The standards include the concepts of; dignity; privacy; choice; safety; realizing potential; and equality and diversity (Scottish Parliament, 2001).
According to The Regulation of Care (Scotland) Act 2001, the Scottish Ministers ensure that the provision of services meets a high standard of quality service by regularly reviewing the national care standards that apply to care services, and this includes the delivery of services to the elderly (5 & 59). To enable the optimum provision of services, the standards and services are continuously evaluated with the inclusive consultation of those who are the end users of the services.
Many elderly in the UK have ongoing health care costs, the need for social support, the need for education and up-to-date information pertinent to their social welfare and health needs, as well as idiosyncratic personal needs and expectations, such as assistance and support with their son going to court (ENABLE, 2006). In this respect, there is a critical need for a review of social and health provisions to the elderly who are living at home (Hill, 2006).
Progressive legislation aims to improve the rights of homeless people such as the Homeless ect. (Scotland) Bill 2002 seeks to prevent and alleviate homelessness and to enhance the dignity and well being of homeless persons. Across Scotland, local authorities and associated social service staffs in formal and voluntary organisations work in collaboration with a multi-disciplinary approach to provide holistic homelessness services to those in need. In doing so, these individuals and organizations contribute to the continuous improvement of policies and protocols, as they are the front-line workers who are able to identify needs and gaps in existing systems.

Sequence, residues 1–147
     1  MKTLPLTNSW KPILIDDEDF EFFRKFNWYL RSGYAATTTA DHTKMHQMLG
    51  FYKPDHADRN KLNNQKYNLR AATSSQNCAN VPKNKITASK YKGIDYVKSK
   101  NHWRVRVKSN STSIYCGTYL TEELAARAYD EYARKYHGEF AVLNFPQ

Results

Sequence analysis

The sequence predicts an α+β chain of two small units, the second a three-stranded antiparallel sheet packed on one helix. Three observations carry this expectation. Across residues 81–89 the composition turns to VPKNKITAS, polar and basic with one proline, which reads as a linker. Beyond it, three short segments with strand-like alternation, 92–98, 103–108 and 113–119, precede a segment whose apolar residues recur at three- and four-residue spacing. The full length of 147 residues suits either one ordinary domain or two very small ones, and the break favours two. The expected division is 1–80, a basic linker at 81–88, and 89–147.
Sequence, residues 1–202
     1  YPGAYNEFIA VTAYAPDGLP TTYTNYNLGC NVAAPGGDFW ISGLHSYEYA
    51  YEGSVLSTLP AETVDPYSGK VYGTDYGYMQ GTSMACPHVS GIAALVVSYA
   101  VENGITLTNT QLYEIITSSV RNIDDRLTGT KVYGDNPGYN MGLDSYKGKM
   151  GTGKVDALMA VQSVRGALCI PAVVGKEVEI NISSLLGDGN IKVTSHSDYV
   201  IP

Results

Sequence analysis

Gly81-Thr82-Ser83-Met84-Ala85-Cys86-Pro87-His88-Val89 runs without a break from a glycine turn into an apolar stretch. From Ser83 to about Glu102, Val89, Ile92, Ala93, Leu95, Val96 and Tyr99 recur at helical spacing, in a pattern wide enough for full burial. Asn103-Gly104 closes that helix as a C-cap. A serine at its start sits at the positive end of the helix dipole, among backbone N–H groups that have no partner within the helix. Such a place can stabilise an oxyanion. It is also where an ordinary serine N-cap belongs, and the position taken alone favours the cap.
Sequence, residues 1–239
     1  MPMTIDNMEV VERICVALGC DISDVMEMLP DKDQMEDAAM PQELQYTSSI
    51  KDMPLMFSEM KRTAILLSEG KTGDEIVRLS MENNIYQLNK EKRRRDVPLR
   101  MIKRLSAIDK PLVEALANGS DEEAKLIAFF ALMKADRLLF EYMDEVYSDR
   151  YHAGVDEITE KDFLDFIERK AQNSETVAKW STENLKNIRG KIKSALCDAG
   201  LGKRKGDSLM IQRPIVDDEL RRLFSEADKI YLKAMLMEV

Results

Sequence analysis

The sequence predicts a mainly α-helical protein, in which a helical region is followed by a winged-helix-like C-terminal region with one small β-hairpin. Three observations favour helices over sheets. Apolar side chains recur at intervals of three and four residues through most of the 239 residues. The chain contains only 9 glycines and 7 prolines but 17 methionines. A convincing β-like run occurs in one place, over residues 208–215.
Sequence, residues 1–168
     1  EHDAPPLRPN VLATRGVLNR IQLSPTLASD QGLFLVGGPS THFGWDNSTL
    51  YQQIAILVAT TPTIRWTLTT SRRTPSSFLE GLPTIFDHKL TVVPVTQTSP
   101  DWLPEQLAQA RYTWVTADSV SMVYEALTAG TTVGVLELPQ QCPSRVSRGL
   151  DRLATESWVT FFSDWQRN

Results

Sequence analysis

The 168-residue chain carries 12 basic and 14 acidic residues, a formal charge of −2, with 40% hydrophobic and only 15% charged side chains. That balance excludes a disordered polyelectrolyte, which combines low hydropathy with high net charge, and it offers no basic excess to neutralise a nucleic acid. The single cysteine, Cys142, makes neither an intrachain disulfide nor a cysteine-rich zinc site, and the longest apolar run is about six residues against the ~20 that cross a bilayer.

The Homeless ect. (Scotland) Bill 2002 (Scottish Executive, 2002) has several key and pertinent objectives;
To promote social justice in Scotland and to decrease the opportunity gap (s2).
To enable access to appropriate housing to ensure the social justice agenda (s2)
To make a difference to the homeless situation so as to promote healthier lives or individuals (s2).
To provide a solid basis from which the homeless could access employment, education and training (s2).
To inform future developments of homelessness policy in Scotland (s3).
To support the Homelessness Task Force established in 1999 (s3).
Priority issues for this policy were identified by way of revision of the Task Forces 2001 report. It was established that once an applicant had been assessed as homeless a distinction be made as to those that are in priority and need and those who are not. A priority need category status was afforded to applicants who are were risk of domestic violence, had experienced or suffered harassment, or were at risk of violence by virtue of their ethnicity, colour, sexual orientation or national origins (s1 & 52). Applicants who experienced a physical disability that placed them in a vulnerable position were also afforded priority need category status by way of the Housing (Scotland) Act 1987 (s1 & 52) from previous policy formation.
B) Relevant Policies
i) The Community Care and Health (Scotland) Act 2002
In conjunction with the Regulation Act, the Community Care